Here’s part two in my series of Top Ten lists: my Top Ten Albums of 2008:
10. Revelation, Third Day – I’ve loved these guys for a long time, but their last couple of records have been a little bit of a let down. This one is a return to form in my eyes.
9. Bebo Norman, Bebo Norman – Speaking of a return to form, Bebo comes back with his best album in years! He seemed to be sliding into an adult contemporary mold tailor made for radio stations like The Fish; actually, his last outing was a downer to me. But his self-titled effort packs a little more of an edge and keeps his folky-side intact.
8. The Foundation, Zac Brown Band – This would actually be higher if I hadn’t gotten the first version of it back in 2007. In fact, a few of the songs are on ZBB’s first independent album back in 2005. Right now, they’re pigeonholed in the Country genre, but Zac Brown Band’s music is so much more. I think these guys are in for a long career.
7. Gossip In The Grain, Ray LaMontagne – What can I say? Folk, country, jazz, and vintage soul come together, guided by Ray LaMontagne’s smoky whisper of a voice. There’s even a loving (if slightly tongue-in-cheek) tribute to White Stripes’ drummer Meg White, proving that Ray is not 100% serious and introspective. A real treat.
6. Konk, The Kooks – My favorite scruffy, rowdy, straight-up-rock-and-roll British band released their second album this year, and it’s full of irresistible, infectious songs that demand repeated listens. No messages and no navel gazing here…just pure fun.
5. 19, Adele – Wow. Adele is one talented young lady. Whether stripped down to just her voice and a piano or guitar or backed by a full band and string section, she does not disappoint on her debut. 19 is an incredible slice of British soul/folk/pop, and I can’t wait to hear more from Adele.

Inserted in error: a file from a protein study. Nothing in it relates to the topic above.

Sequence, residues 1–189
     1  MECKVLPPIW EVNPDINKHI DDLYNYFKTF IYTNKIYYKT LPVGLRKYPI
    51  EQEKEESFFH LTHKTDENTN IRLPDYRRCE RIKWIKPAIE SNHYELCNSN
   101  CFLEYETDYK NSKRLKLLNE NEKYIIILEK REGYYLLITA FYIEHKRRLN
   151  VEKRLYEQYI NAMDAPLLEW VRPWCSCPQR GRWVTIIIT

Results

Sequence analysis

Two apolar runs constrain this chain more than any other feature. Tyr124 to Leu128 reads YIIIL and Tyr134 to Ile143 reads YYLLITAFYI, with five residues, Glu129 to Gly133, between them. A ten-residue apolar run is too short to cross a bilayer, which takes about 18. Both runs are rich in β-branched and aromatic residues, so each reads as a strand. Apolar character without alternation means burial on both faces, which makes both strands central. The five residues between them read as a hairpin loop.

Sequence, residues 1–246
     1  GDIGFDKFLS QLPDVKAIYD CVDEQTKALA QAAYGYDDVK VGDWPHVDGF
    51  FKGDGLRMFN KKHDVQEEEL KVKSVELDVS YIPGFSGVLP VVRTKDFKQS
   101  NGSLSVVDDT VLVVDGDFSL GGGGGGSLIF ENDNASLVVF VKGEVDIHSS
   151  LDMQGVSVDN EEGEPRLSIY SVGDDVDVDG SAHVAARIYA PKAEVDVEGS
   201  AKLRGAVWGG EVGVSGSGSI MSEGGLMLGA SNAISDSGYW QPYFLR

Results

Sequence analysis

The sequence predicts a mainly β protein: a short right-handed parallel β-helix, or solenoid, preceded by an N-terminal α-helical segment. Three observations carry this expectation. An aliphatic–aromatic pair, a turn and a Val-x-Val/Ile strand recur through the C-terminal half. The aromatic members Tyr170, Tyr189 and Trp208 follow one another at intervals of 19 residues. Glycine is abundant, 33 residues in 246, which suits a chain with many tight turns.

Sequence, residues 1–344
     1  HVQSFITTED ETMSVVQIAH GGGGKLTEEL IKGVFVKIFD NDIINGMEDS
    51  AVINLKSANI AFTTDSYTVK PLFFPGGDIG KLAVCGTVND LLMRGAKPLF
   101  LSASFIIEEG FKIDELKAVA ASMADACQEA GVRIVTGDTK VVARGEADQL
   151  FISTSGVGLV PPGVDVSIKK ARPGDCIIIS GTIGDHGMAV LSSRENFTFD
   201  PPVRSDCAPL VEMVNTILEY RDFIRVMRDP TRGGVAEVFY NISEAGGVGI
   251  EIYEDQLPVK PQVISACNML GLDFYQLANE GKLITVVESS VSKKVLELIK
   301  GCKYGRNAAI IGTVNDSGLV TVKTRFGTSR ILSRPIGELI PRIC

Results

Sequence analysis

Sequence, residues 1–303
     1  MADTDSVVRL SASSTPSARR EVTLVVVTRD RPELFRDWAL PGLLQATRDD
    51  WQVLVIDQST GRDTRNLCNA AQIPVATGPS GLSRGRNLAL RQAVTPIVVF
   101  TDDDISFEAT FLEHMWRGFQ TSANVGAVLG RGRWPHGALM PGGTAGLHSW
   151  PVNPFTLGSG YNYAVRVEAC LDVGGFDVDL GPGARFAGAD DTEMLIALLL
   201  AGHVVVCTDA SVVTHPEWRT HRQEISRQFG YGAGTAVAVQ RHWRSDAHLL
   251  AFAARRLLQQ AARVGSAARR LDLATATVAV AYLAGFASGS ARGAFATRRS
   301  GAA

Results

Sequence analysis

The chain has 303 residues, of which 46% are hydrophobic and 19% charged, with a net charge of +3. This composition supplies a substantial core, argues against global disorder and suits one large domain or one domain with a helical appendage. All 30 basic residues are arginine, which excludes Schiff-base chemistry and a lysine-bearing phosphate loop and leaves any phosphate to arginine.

4. Love On The Inside, Sugarland – I was a little disappointed in the choice for the first single, and not so sure about the choice for the second one, but for me Sugarland’s latest effort is about the gems buried inside the record. The breakup (or post-divorce) lament of “Keep You,” the U2-esque bombast of “Love,” the literary references in “Genevieve,” the haunted what-if’s of “Joey”…these and the other songs on this album add up to far more than the sum of their parts.
3. Rockferry, Duffy – Much like Amy Winehouse’s Back To Black last year, Rockferry sounds like a recently uncovered gem of 60’s pop; one can almost hear the pops and cracks of the record needle! Duffy shows that she can wrap herself around a song, and I believe she’ll get even better as she gains experience.
2. Viva La Vida, Coldplay – Probably one of the most anticipated albums this year was one of the most unexpected. For all the purported stylistic changes, Coldplay is still Coldplay, and their songs are still solid. This is one record where, every time I hear it, I pick up on something new…some sonic texture, lyric, or vocal inflection…and I feel truly rewarded for the experience.
1. Albertine, Brooke Fraser – Imagine if Tori Amos weren’t so angry all the time. Imagine if Sarah McLachlan or Norah Jones sang about faith. Brooke Fraser’s expertly written and exquisitely performed meditations on love, faith, and life in general create a cohesive, rewarding whole and make for my favorite collection of songs this year.